EA, not happy with having consumed Origin, Westwood, Size, Maxis, Bullfrog, Criterion Games, Mythic Entertainment, and BioWare, now wants to throw Mojang on the menu as well. I mean, wants to offer Mojang a helping hand as well.
Mojang is Markus “Notch” Persson’s indie development company, responsible for the creation of Minecraft. In an interview with Gamasutra, chief creative director of Electronic Arts, Rich Hilleman was asked for his thoughts on Notch’s move of releasing Minecraft as an alpha and taking in customer feedback.
Hilleman took a moment to give us a history lesson about how during the gold rush, the people who made money weren’t the miners – it was people live Levi Strauss and Charles Crocker, “and folks who ran banks, and people who sold jeans, and sold picks and axes.” Why? Because they just provided services and products that fed into the gold rush frenzy.
So, I guess what Hilleman is trying to say is, if Notch wants to make more money, he needs to like… make Minecraft merchandise? His exact words are:
I think ultimately in the long term that the money that will get made in Minecraft will not be about Minecraft, but will be about the services and products that get introduced into it. And so that’s what’s most interesting to me about Minecraft, is that the ecosystem, it’s almost an American history lesson.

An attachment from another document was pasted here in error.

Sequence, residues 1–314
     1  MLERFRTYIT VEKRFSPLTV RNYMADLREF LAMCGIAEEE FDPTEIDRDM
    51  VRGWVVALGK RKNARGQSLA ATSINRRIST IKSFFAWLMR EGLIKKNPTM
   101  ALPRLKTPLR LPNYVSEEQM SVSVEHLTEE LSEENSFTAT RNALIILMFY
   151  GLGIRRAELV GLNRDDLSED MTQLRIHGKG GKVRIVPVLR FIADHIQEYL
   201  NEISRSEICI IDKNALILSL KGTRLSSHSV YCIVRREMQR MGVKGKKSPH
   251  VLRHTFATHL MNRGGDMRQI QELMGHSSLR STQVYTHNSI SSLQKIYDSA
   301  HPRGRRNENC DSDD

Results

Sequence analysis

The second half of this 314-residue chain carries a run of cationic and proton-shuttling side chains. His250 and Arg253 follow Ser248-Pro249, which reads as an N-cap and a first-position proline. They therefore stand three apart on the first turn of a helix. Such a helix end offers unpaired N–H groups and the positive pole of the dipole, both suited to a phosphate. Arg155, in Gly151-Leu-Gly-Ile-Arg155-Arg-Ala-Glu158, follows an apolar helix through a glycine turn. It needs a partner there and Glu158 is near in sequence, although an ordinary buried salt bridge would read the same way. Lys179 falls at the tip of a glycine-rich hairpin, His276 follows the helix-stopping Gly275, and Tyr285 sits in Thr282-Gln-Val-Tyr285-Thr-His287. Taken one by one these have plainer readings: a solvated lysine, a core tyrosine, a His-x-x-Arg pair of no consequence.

This, I suspect, taking EA’s own history of business practice into account, means a ton of Minecraft paraphernalia, Minecraft special edition bundles, Minecraft apps, Minecraft DLC, and Minecraft bait and switch.
But other than not capitalizing properly on his game, Hilleman suggests that Notch should have had someone other than himself sell the game. Like, oh, I don’t know… a little old digital distribution client like Origin? Hilleman even says they’d carry the game for free, because according to his Wild West gold rush business model, the money doesn’t come from the game… it comes from “the things that go around it.” What else can Origin do other than sell the game? Well, it can help sort out problems with modding and installation! Hilleman notes:
…there’s a lot of value to be provided for the customer in making Minecraft and its mods and installations something that’s a more commercial and predictable product.
And those are the kinds of things that Notch needs help with, and that without the help of a publisher or other support, he’s probably not going to get there completely by himself.
It’s not just about the money, though. Hilleman says the reason he wishes EA could be involved with Notch is because, “I think we’d learn from him. And the other thing that’s true is Notch is a true talent of this business; I just like us being associated with great talent.”
Unfortunately, Notch has not been wooed. Just a few hours after the interview’s release, he tweeted: “I’m sure EA is very successful at monetizing games, but the more we don’t do what they would do, the happier I am. #nooffense” Ah, well, Notch. Someday, you’ll want your company ravaged by a megalomaniacal money-hungry machine, and then you’ll feel sorry for rejecting EA’s offers of intimacy. You’ll feel sorry.